OP #46: Options for a Verifiable Freeze on North Korea’s Missile Programs

April 30, 2019
Joshua H. Pollack, Miles Pomper, Ferenc Dalnoki-Veress, Joy Nasr, Dave Schmerler

OP46: Options for a Verifiable Freeze on North Korea’s Missile Programs

Recent developments in US-North Korean diplomacy underscore the difficulty of achieving far-reaching disarmament objectives at a stroke. A verifiable freeze—a reversible halt to certain activities that the concerned parties are able to confirm—can serve as an initial step that promotes trust and creates space for patient, in-depth negotiations, while also providing concrete security benefits.

The freeze approach has been applied during the current round of diplomacy. Around the end of 2017, North Korea informally adopted a freeze on missile flight tests, and in April 2018, it declared a “suspension” of nuclear tests and long-range missile flight tests. After the June 2018 Singapore Summit, it also dismantled some missile- and space-related structures at one facility, notably including a large vertical test stand used for developing powerful liquid-propellant engines. North Korea has recently reversed this last step.

Returning to the idea of a freeze may provide a path around the present impasse in talks. To promote trust and create space for further negotiations, North Korea and its negotiating partners could exchange one or more packages of verifiable, reversible concessions, in addition to the steps already taken along these lines. A verifiable freeze should not only improve the atmosphere for negotiations, it can also provide tangible security benefits to the concerned parties.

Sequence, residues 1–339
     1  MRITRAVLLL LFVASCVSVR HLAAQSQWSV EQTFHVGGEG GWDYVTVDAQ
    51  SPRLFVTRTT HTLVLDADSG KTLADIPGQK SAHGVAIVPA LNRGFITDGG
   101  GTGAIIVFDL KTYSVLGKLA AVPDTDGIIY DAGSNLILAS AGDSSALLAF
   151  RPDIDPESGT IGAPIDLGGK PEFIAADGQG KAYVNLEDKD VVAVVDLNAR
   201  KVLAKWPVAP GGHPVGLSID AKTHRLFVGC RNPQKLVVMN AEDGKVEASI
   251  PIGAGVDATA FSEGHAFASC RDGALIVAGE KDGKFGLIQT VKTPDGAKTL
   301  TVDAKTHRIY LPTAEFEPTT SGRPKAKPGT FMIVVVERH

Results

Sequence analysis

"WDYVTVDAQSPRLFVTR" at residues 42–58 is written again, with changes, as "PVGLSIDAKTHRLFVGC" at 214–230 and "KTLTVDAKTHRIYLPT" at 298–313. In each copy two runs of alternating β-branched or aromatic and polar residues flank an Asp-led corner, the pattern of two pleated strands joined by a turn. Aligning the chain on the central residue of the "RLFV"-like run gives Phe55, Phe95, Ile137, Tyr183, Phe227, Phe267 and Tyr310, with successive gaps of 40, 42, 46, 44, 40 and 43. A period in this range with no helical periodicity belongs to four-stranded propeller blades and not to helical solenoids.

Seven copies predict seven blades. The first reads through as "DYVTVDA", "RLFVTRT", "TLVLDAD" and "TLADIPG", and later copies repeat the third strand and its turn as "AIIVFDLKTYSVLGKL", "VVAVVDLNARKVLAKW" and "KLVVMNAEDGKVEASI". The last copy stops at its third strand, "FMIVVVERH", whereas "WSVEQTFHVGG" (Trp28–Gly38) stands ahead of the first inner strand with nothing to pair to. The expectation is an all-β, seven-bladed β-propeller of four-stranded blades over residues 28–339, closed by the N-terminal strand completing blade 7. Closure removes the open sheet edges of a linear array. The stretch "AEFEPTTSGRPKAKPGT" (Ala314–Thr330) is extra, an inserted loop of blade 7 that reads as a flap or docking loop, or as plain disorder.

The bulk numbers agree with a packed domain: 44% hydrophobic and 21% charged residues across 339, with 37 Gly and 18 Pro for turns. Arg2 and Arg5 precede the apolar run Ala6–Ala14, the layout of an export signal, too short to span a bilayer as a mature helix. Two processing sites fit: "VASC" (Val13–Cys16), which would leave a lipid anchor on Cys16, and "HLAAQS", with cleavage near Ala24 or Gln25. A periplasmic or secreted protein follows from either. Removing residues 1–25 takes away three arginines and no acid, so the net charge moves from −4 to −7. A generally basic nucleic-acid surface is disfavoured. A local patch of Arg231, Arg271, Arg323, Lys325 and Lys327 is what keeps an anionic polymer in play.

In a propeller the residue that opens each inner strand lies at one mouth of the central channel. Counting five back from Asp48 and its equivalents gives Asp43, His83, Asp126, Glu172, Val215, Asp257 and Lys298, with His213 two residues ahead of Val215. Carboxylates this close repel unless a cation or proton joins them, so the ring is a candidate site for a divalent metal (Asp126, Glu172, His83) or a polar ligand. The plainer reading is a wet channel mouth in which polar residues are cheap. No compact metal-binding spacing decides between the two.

This CNS occasional paper identifies and evaluates options for freezing the testing, production, and deployment of North Korean missiles, among other potential steps. These options might be pursued singly, in combination, or sequentially. The paper identifies some of the precedents for these activities and describes both the verification requirements and the security benefits associated with each option.

While it describes these trade-offs, the paper does not offer any single, specific recommendation. Policy makers must supply crucial value judgments, and any freeze agreement must be negotiated, including measures to be extended to the North Koreans. These matters are beyond the scope of the present analysis, but a better understanding of the options for a verifiable freeze of North Korea’s missile programs, it is hoped, can provide some of the “raw material” for creative policy making.

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